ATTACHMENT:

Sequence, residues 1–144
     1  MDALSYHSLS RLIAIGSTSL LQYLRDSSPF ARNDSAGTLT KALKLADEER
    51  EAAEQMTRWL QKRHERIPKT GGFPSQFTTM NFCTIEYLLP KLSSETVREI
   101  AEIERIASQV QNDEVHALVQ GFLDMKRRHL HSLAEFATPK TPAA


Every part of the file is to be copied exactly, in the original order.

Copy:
Sequence, residues 1–144
     1  MDALSYHSLS RLIAIGSTSL LQYLRDSSPF ARNDSAGTLT KALKLADEER
    51  EAAEQMTRWL QKRHERIPKT GGFPSQFTTM NFCTIEYLLP KLSSETVREI
   101  AEIERIASQV QNDEVHALVQ GFLDMKRRHL HSLAEFATPK TPAA